Living up to your labels. For better or worse.
By April 7, 2012 at 6:40 pm 921 14 1
It seems like we have all kinds of labels we put on ourselves. I notice them in myself, I hear them from my clients, I read them here:
“I haven’t been able to stay on my diet and exercise plan. I’m just lazy.”
“Here we go again. People are always going to treat me like the outsider.”
“Things always work out like that for me. I’m never going to get what I want.”
“I don’t know how to act at a party. I’m socially inept.”
“This is one more reason why I am always going to be an unhappy person.”
I have been thinking a lot lately about how often those labels we use with ourselves are negative. Lazy. Stupid. Loser. Inept. Unhappy. Unlovable.
We use these negative labels in different ways. We use them as an excuse for not taking care of ourselves. We use them to put ourselves down. We use them to keep ourselves stuck in old patterns. We use them avoid taking chances that might help us grow. Not much of a reason to keep those labels around, is there?
So what’s with the labels?
We often pick up negative labels while we are growing up. How about you? Maybe your family members, or teachers, or other kids, labeled you in some way, calling you words like lazy or stupid, or made fun of the way you looked. Or something happened along the way, an event that left you upset or confused or traumatized. And as a result you created a negative label for yourself, or made yourself at fault, probably based on limited understanding.
Labels are powerful. They can get planted firmly into our minds, and then pulled out and paraded around whenever one of those déjà vu situations comes up. Those situations in which that negative label seems to be the best explanation for how we are feeling, thinking, behaving, and you can end up using the negative label to interpret what’s going on around you. You know, that “here I go again this always happens to me” feeling.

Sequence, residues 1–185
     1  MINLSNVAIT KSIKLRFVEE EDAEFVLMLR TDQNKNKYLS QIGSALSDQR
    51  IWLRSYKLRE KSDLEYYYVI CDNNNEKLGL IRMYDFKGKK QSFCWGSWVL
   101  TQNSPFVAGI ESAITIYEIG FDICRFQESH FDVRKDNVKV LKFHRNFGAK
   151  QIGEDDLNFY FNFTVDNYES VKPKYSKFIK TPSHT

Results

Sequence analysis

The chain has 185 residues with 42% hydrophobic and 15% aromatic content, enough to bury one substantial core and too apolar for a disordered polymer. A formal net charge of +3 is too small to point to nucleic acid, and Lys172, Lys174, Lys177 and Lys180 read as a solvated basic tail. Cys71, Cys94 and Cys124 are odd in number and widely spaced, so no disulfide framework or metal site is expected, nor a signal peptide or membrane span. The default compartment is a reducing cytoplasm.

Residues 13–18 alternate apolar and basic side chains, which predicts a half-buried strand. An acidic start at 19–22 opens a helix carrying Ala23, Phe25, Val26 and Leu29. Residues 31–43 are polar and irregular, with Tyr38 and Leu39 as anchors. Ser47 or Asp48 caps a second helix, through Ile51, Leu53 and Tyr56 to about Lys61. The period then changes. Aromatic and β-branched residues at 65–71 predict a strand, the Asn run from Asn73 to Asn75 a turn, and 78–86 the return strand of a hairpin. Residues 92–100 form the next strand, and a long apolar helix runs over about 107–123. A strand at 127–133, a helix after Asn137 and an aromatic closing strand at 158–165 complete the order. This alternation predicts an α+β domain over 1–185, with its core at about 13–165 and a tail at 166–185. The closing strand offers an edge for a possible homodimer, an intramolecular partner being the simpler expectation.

But the effects of negative labels don’t stop there.
Worse yet, you can create an expectation for yourself based on a negative label. You can find yourself going through each day expecting that, yet again, life will prove to you that you are ______________ (angry, afraid, stupid, a loser, and on and on). As a result, each day can become another opportunity to live up to those negative labels.
Tell yourself what you are often enough and you will become it.
Clients often tell me that, sure, they also have positive labels for themselves. But somehow the negative labels often seem more powerful, and they find themselves falling into the negativity before they have a chance to consider the positive side. In other words, we can stop ourselves in our tracks with the negative message and stay there in that familiar but unhappy territory, instead of giving ourselves the push to see what might be possible.
So, how are you labeling yourself? And more important, are you ready to break out of the box you put you in with all of those negative labels?
Here are some ideas to turn things around:
Make a list of your negative labels. When is the last time you painted yourself with that broad brush of a negative label? Make a list of the labels that you tend to pin on yourself, the ones that keep you stuck in a rut.